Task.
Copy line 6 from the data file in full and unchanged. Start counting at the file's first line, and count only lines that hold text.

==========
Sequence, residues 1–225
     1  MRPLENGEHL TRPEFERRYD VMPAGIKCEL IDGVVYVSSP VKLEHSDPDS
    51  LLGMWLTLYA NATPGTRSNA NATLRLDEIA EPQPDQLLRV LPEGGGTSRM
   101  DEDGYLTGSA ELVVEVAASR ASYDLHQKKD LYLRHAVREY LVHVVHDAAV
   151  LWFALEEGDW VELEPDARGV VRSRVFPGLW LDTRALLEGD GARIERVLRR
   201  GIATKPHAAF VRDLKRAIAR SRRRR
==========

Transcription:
   201  GIATKPHAAF VRDLKRAIAR SRRRR